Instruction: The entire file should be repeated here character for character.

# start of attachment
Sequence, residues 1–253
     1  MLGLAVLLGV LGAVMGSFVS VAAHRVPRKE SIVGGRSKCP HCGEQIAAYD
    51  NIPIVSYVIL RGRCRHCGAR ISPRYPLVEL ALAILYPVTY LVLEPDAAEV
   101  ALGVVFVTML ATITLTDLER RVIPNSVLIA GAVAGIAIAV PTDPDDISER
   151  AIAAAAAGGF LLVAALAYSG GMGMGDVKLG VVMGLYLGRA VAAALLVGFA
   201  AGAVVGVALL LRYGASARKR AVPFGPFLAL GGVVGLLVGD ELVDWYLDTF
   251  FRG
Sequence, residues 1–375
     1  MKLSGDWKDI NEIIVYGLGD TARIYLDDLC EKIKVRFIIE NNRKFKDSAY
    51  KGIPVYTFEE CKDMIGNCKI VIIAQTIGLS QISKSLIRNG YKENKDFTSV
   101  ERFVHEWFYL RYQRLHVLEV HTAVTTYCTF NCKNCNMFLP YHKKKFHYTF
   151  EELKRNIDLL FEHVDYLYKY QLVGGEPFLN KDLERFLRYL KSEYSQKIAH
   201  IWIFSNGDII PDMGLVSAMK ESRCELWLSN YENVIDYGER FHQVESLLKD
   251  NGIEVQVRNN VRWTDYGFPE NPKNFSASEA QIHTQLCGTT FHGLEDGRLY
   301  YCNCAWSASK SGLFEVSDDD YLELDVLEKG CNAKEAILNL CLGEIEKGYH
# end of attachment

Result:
Sequence, residues 1–253
     1  MLGLAVLLGV LGAVMGSFVS VAAHRVPRKE SIVGGRSKCP HCGEQIAAYD
    51  NIPIVSYVIL RGRCRHCGAR ISPRYPLVEL ALAILYPVTY LVLEPDAAEV
   101  ALGVVFVTML ATITLTDLER RVIPNSVLIA GAVAGIAIAV PTDPDDISER
   151  AIAAAAAGGF LLVAALAYSG GMGMGDVKLG VVMGLYLGRA VAAALLVGFA
   201  AGAVVGVALL LRYGASARKR AVPFGPFLAL GGVVGLLVGD ELVDWYLDTF
   251  FRG
Sequence, residues 1–375
     1  MKLSGDWKDI NEIIVYGLGD TARIYLDDLC EKIKVRFIIE NNRKFKDSAY
    51  KGIPVYTFEE CKDMIGNCKI VIIAQTIGLS QISKSLIRNG YKENKDFTSV
   101  ERFVHEWFYL RYQRLHVLEV HTAVTTYCTF NCKNCNMFLP YHKKKFHYTF
   151  EELKRNIDLL FEHVDYLYKY QLVGGEPFLN KDLERFLRYL KSEYSQKIAH
   201  IWIFSNGDII PDMGLVSAMK ESRCELWLSN YENVIDYGER FHQVESLLKD
   251  NGIEVQVRNN VRWTDYGFPE NPKNFSASEA QIHTQLCGTT FHGLEDGRLY
   301  YCNCAWSASK SGLFEVSDDD YLELDVLEKG CNAKEAILNL CLGEIEKGYH